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Malluru Mallappa (D) thr. L.Rs. Vs. Kuruvathappa and Ors. - (Supreme Court) (12 Feb 2020)

An appeal is a continuation of proceedings of original Court and Court of first appeal must record its findings only after dealing with all issues of law as well as fact

MANU/SC/0166/2020

Civil

Present is the Plaintiff's appeal challenging the judgment passed by the High Court, whereby the High Court has confirmed the judgment and decree passed by the trial Court. The Plaintiff filed the above suit against the Respondents/Defendants for specific performance of the agreement to sell dated 30th March, 2000. The agreement provided that, the sale was to be executed within three years from the date of the agreement, subject to the Defendants fulfilling certain obligations.

The trial Court held that, the suit was barred by time. It was also held that the Plaintiff was not ready and willing to perform his part of the contract. The suit was accordingly dismissed. The High Court has confirmed the said decree of the trial court.

Section 96 of the Code of Civil Procedure, 1908 (CPC) provides for filing of an appeal from the decree passed by any court exercising original jurisdiction to the court authorized to hear the appeals from the decisions of such courts. In the instant case, the appeal from the decree passed by the trial court lies to the High Court. In Hari Shankar v. Rao Girdhari Lal Chowdhury, it was held that a right of appeal carries with it a right of re-hearing on law as well as on fact, unless the statute conferring a right of appeal limits the re-hearing in some way as has been done in second appeal arising under the CPC.

It is a settled position of law that, an appeal is a continuation of the proceedings of the original court. Ordinarily, the appellate jurisdiction involves a re-hearing on law as well as on fact and is invoked by an aggrieved person. The first appeal is a valuable right of the Appellant and therein all questions of fact and law decided by the trial court are open for re-consideration. Therefore, the first appellate court is required to address itself to all the issues and decide the case by giving reasons.

The Court of first appeal must record its findings only after dealing with all issues of law as well as fact and with the evidence, oral as well as documentary, led by the parties. The judgment of the first appellate court must display conscious application of mind and record findings supported by reasons on all issues and contentions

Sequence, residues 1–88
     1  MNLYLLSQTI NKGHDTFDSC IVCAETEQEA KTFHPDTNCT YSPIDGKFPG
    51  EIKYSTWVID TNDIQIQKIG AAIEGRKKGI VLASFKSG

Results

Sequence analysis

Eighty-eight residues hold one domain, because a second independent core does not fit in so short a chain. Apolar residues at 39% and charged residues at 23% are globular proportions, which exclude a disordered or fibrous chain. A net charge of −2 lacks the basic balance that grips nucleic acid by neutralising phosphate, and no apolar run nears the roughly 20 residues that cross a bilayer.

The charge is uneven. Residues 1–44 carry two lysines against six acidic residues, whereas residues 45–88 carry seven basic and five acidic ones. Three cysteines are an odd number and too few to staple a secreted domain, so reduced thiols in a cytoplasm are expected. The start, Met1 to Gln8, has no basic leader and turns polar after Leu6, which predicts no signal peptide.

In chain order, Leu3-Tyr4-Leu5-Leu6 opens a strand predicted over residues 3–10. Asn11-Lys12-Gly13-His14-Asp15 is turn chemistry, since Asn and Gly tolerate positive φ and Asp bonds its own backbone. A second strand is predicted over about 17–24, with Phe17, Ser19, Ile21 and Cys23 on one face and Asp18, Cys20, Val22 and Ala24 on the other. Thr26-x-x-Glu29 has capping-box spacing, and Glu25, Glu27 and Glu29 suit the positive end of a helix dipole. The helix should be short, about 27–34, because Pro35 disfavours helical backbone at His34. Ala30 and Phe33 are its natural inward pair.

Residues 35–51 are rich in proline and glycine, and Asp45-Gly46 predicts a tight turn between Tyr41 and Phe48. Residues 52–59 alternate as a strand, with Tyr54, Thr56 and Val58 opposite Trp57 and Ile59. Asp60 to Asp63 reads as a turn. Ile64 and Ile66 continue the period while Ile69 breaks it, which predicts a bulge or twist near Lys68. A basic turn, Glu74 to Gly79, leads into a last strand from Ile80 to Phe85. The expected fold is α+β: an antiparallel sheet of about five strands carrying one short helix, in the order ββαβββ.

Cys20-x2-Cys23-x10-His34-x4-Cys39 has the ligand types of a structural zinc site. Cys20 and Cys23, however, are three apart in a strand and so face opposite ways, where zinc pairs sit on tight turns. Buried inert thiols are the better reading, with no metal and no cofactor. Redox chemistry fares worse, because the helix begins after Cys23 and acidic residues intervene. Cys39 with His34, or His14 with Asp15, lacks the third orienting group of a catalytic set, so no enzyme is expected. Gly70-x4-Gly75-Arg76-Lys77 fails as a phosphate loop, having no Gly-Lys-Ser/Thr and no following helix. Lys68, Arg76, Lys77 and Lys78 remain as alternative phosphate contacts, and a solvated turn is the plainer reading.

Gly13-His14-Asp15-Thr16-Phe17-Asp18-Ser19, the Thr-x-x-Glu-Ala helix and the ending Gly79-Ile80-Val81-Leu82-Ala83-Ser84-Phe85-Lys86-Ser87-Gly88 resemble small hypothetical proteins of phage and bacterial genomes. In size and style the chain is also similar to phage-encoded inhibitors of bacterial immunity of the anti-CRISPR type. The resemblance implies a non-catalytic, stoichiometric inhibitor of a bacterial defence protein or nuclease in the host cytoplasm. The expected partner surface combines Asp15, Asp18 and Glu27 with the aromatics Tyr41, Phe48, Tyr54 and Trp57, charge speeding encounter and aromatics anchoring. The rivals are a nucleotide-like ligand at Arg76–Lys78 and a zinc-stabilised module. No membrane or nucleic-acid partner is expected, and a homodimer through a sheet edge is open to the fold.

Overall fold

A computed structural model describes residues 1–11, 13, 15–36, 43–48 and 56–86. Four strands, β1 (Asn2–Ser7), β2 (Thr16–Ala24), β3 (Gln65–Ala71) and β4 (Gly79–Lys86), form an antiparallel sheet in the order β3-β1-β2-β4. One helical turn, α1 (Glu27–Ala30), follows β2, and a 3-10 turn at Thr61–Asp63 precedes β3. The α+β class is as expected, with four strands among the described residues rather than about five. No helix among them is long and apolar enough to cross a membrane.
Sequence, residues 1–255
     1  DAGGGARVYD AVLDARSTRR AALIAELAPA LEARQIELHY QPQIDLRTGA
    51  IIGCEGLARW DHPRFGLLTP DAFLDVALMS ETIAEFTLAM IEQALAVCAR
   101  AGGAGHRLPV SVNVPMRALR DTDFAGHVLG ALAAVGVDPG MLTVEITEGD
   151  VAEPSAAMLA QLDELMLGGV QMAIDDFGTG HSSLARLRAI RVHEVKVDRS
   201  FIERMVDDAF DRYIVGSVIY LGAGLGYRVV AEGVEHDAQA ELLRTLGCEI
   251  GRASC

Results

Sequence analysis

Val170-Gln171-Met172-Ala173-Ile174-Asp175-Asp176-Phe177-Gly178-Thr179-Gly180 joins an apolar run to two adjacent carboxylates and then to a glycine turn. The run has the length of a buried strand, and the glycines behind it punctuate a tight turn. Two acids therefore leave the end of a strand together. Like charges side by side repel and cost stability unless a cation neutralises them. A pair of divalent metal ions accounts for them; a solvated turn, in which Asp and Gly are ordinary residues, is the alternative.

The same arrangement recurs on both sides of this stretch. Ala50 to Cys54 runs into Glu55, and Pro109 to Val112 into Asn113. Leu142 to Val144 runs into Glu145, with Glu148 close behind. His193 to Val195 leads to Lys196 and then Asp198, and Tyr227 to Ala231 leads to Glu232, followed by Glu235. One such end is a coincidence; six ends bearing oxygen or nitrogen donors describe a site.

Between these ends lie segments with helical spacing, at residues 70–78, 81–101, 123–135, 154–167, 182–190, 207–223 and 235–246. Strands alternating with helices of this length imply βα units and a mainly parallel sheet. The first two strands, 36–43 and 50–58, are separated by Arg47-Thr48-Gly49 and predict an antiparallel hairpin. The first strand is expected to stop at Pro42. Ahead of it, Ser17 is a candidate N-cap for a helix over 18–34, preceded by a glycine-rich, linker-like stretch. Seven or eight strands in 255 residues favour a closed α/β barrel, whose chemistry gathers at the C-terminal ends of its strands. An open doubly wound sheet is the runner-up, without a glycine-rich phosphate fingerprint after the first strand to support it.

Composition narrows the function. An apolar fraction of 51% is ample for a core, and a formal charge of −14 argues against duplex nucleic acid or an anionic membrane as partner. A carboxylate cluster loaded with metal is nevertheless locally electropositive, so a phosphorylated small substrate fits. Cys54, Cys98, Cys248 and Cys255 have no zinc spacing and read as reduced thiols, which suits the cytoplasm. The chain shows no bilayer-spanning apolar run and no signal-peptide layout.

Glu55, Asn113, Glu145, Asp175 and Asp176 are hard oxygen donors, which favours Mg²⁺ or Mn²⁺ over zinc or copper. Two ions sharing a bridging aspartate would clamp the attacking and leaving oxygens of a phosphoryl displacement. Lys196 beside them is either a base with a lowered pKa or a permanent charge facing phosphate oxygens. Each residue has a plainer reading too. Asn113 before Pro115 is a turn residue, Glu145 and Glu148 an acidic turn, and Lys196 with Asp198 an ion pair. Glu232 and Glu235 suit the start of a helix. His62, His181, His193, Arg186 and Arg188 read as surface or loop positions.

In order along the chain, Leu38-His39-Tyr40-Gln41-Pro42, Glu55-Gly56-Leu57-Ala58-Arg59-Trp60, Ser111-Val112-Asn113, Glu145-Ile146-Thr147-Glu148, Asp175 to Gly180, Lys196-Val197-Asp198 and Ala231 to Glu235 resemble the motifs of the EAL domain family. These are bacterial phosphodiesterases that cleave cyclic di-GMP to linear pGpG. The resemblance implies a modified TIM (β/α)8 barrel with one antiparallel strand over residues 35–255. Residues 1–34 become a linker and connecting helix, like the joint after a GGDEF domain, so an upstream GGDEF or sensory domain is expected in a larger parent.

The judgment of the first appellate court has to set out points for determination, record the decision thereon and give its own reasons. Even when the first appellate court affirms the judgment of the trial court, it is required to comply with the requirement of Order XLI Rule 31 of CPC and non-observance of this requirement leads to infirmity in the judgment of the first appellate court. When the appellate court agrees with the views of the trial court on evidence, it need not restate effect of evidence or reiterate reasons given by trial court. Expression of a general agreement with the reasons given by the trial court would ordinarily suffice.

The issue relating to readiness and willingness of the Plaintiff to perform his part of the contract and issue relating to limitation were held against the Plaintiff and the suit was accordingly dismissed. The appeal before the High Court involved both disputed questions of law and fact. The High Court without examination of any of these aspects has dismissed the appeal by a cryptic order. The court below has neither re-appreciated the evidence of the parties, nor it has passed a reasoned order. The High Court has failed to follow the provisions of Order XLI Rule 31 of the CPC while deciding the appeal. The judgment and decree of the High Court is set aside and the matter is remanded to the High Court for fresh disposal in accordance with law. Appeal allowed in part.

Relevant : Hari Shankar v. Rao Girdhari Lal Chowdhury MANU/SC/0346/1961

Tags : CONTRACT   SPECIFIC PERFORMANCE   REASONED ORDER  

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